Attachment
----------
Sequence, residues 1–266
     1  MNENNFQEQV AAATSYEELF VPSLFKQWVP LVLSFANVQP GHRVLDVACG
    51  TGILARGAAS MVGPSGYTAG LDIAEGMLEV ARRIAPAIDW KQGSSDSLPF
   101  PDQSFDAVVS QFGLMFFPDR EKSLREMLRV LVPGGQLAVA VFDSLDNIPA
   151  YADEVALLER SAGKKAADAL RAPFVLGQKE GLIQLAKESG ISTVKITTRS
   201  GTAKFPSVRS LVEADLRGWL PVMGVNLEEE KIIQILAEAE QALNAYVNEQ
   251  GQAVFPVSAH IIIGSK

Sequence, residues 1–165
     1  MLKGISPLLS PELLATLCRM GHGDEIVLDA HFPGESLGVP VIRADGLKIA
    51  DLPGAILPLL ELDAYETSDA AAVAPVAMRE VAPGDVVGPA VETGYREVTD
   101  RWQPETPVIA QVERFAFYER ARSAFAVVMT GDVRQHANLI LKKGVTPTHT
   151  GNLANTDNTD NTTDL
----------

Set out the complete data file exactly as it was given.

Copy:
Sequence, residues 1–266
     1  MNENNFQEQV AAATSYEELF VPSLFKQWVP LVLSFANVQP GHRVLDVACG
    51  TGILARGAAS MVGPSGYTAG LDIAEGMLEV ARRIAPAIDW KQGSSDSLPF
   101  PDQSFDAVVS QFGLMFFPDR EKSLREMLRV LVPGGQLAVA VFDSLDNIPA
   151  YADEVALLER SAGKKAADAL RAPFVLGQKE GLIQLAKESG ISTVKITTRS
   201  GTAKFPSVRS LVEADLRGWL PVMGVNLEEE KIIQILAEAE QALNAYVNEQ
   251  GQAVFPVSAH IIIGSK

Sequence, residues 1–165
     1  MLKGISPLLS PELLATLCRM GHGDEIVLDA HFPGESLGVP VIRADGLKIA
    51  DLPGAILPLL ELDAYETSDA AAVAPVAMRE VAPGDVVGPA VETGYREVTD
   101  RWQPETPVIA QVERFAFYER ARSAFAVVMT GDVRQHANLI LKKGVTPTHT
   151  GNLANTDNTD NTTDL